Live Events and Costs

Live Events & The Cost of Free

“Putting On A LIVE Event Is The Most Powerful Way To Fill Your Pipeline With New Customers or Clients…”    Dan Kennedy


“Plate Lickers” or Quality Prospects?

I picked up a very funny book recently, you may appreciate it or be annoyed by it, not sure.  It’s called “The Adventures of a Free Lunch Junkie.”

It’s a very funny book about a retiree who attended 50 Free Lunch (or Dinner) events in and around Boca Raton, Florida over a 10 month period and then wrote this book about the experience of being fed, pitched, and not buying.

Is this your idea of what live events are all about?  

$50 a head for a number of people with no capability to become a client or no interest.  Perhaps retirees like the gentlemen mentioned above who are bored and looking for literally a “Free Lunch” or “Free Dinner.”

Well, there certainly are a variety of “free loaders,” or as they are known in our industry, even more pejoratively “plate lickers.”

Thinking that way sabotages you if you’re trying to be effective with any sort of live event event whether it includes a free lunch or not.

The Cost of “Free Pajamas”

In another of my businesses I work with martial arts school owners.   One of them had quadrupled his business under my tutelage and had increased his net income by more that ten times. Even with this growth he was struggling with a minor aspect of his business.   In looking at his operating “statistics” he started complaining about his volume of introductory students (first meeting/class) that failed to become students.   

His comment to me was something to the effect of being tired of broke people coming in to collect “free pajamas.”   Well, the back-story is that among the other “bribes” for attending this free introductory sessions I had suggested that he provide free uniforms and several other items.  He got hung up on the $10 to $15 in hard cost of the stuff he was giving away to prospects who didn’t enroll.

With my review of his results I reminded him that all that mattered was the ratios and the return on investment.   In this case, a new student was worth over $5,000 life-time and a bit over $500 on day one.   He was converting 50% of those who attended the free session to students.  Working backwards it was costing $50 to generate a lead, $100 to generate an appointment, $200 to generate a prospect who attended a free class and then $400 to create a new enrollment.  With the hard cost of the free gifts including the uniform that he was annoyed by giving away, each attendee cost him a bit less than $225 and each new student enrollment therefore cost less than $450.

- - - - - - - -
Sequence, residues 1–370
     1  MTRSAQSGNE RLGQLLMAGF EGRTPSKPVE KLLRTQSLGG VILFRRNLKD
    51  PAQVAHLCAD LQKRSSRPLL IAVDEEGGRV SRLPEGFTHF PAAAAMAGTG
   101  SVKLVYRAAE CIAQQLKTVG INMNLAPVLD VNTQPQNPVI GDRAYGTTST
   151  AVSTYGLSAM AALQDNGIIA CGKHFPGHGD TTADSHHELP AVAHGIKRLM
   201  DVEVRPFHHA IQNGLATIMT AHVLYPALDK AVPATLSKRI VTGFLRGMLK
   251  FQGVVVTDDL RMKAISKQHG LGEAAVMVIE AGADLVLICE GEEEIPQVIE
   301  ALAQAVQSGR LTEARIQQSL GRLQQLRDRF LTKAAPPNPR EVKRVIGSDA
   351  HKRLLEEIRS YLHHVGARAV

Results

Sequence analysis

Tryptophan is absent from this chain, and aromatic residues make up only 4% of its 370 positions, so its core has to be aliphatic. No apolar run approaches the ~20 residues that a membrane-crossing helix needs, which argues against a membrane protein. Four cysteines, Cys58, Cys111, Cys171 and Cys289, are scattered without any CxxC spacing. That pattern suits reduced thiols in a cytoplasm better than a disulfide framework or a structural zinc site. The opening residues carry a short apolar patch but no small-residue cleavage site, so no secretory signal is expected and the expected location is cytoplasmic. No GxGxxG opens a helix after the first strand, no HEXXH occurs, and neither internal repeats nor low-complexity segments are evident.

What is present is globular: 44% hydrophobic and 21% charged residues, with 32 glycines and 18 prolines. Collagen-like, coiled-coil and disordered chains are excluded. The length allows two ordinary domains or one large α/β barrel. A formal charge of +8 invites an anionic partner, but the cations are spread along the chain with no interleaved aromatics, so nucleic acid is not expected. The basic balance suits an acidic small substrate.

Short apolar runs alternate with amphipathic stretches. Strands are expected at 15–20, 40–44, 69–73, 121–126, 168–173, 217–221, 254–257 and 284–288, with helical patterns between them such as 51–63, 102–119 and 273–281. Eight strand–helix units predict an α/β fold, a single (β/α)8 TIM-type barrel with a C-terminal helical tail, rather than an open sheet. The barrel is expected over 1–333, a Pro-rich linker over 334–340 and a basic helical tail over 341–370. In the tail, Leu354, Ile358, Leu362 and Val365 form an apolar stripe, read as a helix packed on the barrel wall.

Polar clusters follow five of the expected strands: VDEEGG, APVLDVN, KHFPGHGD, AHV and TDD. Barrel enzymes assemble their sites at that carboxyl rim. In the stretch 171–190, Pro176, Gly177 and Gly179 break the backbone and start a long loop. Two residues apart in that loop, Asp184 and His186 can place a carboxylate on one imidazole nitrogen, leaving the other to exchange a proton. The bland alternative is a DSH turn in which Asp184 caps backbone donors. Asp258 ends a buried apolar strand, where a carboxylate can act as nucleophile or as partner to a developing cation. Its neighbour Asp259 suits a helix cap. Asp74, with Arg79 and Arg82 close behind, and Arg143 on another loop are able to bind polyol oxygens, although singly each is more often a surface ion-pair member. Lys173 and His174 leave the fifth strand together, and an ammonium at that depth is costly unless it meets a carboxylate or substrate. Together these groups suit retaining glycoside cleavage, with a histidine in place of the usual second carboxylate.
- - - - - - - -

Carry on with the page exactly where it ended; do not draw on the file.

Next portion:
By the time it was all said and done he was creating over an 11:1 return on that marketing channel and was at better than break-even the day they enrolled.  His added cost for “free stuff” was minor in the context both of the cost to get someone in the the door and in context of their return on investment.

Live Events and Costs

You have to look at your numbers in exactly the same way.  Cost to create a lead. Cost to fill the seat.  Cost per qualified prospect. Cost per meeting.  Cost per new client.   Every marketing channel must justify its existence.  The ultimate cost per new client from that channel should be weighted against the client’s immediate and short-term revenue and, their likely life-time revenue.

I’ve worked with a number of business owners who host lunch or dinner meetings aimed at upscale audiences ranging from a very successful high end Med Spas, a pain clinic, a high end plastic surgeon, and of course any number of financial planners, wealth managers, life agents, annuity sales people, and on and on.

It’s often common to host live seminars in any number of different fields.  An associate ran a HUGE business specifically hosting Bankruptcy recovery seminars with a focus on rebuilding credit.  They were VERY productive for him.

Another friend who I’ve mentioned before hosted live seminars for Dentists with a presentation about how to replace their dental practice income with outside investments (in this case with a focus on real estate.)

Live Events DO Work

To start off, I’d suggest that are any number of various live and in-person events that can be utilized very successfully if you do them right.

One thing I hear regularly about live events is that they simply don’t work anymore. That is the biggest lie anyone could ever tell you! When someone says live events don’t work, what they really mean is that they don’t know how to do them correctly. Another thing I hear really often is that it’s getting harder and harder to fill a room when it comes to live events.

What I would say to that is it’s harder to fill a room if you carry on doing it the way you used to, or if you only use one method of media to get the word out.    In short, sending a bunch of emails is not going to fill your live event – not these days.    I keep seeing advisors who try to fill their events only using Facebook and/or LinkedIn.   While those work well, you’ll rarely scale to the size you’re hoping to accomplish using only those methods.  You can get a few participants likely at a reasonable cost, but usually not enough.

However, if you do it properly and utilize lots of different media and methods, with the right focus, you can easily fill a room or a webinar and get great results from the event.    You’ll hear me talking often about using a “Marketing Parthenon.”   It’s essential to use multiple media to fill any and all live events that you host – even those aimed primarily at your current clients (and, their friends.)